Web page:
The Mirror, 10/11/2001, p2

HUNDREDS of workers face the axe at BP’s petrochemical plant in
Crisis talks are being held this weekend between unions and senior
management to work out the exact details but up to half the 2,500
workers face the chop.
Local politicians are to be briefed and staff will learn their future
within the following 48 hours.
The scale of the cutbacks is a devastating blow to Forth Valley, where
BP is seen as the most important employer.
It is thought another 10,000 jobs are dependent on servicing the
complex and its workers.
Falkirk East MP Michael Connarty – Secretary of the House of Commons
all-party group on Oil and Gas – is to be briefed in Westminster.
And Falkirk East MSP Cathy Peattie will meet Colin Maclean, the
trouble-shooter appointed to run the plant in April.
Yesterday, she said: “At least there will be an end to the speculation.
We know it is going to be bad news.
“Mr Maclean has said BP are determined to stay in the area but they
must stay competitive and that means job losses.”
Mrs Peattie said that, after her briefing by BP on Monday afternoon,
the staff would be told of the scale of the cuts.
She said: “They will have to be informed and a public announcement can
be expected shortly after.
“This will have a very serious effect both on workers’ lives and the
wider economic community.”
BP is understood to be looking for a buyer for the plant but, with a
massive economic downturn following the September 11 terror attacks in
the US, there have been no takers.
Last year, BP suffered a series of major incidents at the complex.
Mrs Peattie said: “One of my major concerns has been about the health
and safety aspects. People want to know that this complex will be run
A spokesman for Scottish Enterprise Forth Valley said they were “aware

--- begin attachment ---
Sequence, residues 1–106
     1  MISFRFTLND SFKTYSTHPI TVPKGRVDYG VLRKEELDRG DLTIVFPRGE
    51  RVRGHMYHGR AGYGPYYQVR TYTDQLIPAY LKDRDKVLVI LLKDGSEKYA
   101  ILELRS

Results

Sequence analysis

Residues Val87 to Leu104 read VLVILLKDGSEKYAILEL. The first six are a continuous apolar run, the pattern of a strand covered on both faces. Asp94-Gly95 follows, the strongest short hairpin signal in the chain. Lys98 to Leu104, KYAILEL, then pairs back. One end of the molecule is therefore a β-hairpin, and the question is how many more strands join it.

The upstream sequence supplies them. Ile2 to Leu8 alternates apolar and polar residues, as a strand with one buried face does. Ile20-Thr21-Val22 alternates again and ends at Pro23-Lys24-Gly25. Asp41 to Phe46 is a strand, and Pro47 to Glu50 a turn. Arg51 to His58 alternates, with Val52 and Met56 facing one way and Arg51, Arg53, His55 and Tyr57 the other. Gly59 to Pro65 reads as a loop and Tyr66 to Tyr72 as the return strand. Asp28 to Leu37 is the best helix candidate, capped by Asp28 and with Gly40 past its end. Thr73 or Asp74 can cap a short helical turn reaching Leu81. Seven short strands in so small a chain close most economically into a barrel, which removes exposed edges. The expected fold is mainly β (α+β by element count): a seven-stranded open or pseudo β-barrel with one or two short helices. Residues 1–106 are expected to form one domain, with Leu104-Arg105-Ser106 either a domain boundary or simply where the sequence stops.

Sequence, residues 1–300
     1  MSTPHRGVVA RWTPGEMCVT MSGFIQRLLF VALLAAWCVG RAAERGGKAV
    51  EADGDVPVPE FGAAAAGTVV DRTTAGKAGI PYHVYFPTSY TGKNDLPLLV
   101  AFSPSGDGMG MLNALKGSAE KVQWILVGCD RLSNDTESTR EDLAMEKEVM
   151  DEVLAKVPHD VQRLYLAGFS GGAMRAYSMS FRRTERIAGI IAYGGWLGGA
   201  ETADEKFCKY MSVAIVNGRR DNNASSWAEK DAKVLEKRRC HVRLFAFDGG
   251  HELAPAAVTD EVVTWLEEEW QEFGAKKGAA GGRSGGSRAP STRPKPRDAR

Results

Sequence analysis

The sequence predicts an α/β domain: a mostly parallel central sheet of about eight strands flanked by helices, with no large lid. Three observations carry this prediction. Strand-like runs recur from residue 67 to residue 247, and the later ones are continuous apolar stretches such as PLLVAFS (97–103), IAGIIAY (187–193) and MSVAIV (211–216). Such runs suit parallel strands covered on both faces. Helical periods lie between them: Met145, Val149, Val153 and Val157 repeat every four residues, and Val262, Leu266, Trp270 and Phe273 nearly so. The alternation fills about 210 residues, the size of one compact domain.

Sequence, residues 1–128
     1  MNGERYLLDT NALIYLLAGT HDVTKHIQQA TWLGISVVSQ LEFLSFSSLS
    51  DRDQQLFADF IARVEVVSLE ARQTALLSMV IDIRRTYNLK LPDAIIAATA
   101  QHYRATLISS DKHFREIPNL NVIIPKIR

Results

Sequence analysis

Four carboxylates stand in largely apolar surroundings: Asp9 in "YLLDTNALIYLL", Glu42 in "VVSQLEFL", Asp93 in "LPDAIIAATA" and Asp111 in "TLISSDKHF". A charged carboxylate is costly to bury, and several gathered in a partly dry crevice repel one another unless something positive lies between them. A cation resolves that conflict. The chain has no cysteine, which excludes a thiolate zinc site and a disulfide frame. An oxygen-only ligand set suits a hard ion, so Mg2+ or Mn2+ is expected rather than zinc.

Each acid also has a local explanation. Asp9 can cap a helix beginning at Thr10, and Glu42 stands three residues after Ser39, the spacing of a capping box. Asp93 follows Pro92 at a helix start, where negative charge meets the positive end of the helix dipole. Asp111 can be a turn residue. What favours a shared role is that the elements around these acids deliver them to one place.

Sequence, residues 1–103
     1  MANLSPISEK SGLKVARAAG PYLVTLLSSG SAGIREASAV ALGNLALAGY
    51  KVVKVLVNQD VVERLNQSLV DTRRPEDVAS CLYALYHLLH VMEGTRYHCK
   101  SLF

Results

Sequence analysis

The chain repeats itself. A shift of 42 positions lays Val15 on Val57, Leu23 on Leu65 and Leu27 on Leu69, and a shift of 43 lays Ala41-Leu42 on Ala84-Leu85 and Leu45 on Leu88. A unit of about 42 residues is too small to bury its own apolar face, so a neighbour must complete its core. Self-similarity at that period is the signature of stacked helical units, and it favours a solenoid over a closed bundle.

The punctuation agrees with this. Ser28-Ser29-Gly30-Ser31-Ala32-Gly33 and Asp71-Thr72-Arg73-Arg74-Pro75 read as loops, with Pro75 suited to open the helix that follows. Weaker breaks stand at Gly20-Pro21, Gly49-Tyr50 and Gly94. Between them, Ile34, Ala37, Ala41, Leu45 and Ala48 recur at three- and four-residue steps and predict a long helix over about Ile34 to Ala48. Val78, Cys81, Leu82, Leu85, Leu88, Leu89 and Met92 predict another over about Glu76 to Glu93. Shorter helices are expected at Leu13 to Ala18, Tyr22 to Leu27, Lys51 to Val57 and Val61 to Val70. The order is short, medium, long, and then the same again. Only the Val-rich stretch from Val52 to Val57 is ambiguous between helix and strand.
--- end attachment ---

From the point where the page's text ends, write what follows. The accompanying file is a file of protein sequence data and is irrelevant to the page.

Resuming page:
of BP bosses’ views and had already taken them into account”.
He said: “While petrochemicals remain a key part of the local economy,
the Falkirk area has made significant progress in recent years in
broadening its economic base.”
BP has been highly successful in diversifying beyond the UK, with 80
per cent of its profits coming from overseas.
In February, it reported record annual profits of $14.2billion, more
than double the previous year’s $6.2bn and the third largest corporate
profits in world history.
The figure is the largest ever profit by a British company.
BP Grangemouth is unique within the BP Group as the only plant which
has all three of BP’s major businesses – exploration, oil and chemicals
– on one site and integrated into a single operation covering 700
In a further jobs blow for Scotland, more than 60 staff have been axed
by the administrators called in to rescue phone firm Atlantic Telecom.
More than 300 staff from a total of 432 have now lost their jobs since
Atlantic, which had been losing £300,000 a day, went bust last


Categories: Daily Mirror articles

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